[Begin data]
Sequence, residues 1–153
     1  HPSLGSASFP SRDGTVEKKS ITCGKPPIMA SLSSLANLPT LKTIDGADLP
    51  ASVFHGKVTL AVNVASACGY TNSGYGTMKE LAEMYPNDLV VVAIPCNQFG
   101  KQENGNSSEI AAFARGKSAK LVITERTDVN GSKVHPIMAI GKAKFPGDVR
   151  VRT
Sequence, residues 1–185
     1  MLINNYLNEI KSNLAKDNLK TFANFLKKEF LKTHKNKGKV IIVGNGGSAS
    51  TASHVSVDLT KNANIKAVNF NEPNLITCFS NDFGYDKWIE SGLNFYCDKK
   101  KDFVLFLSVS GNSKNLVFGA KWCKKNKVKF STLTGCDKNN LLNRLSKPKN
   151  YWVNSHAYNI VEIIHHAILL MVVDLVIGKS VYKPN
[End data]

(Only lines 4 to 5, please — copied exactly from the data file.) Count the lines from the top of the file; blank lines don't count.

   101  KQENGNSSEI AAFARGKSAK LVITERTDVN GSKVHPIMAI GKAKFPGDVR
   151  VRT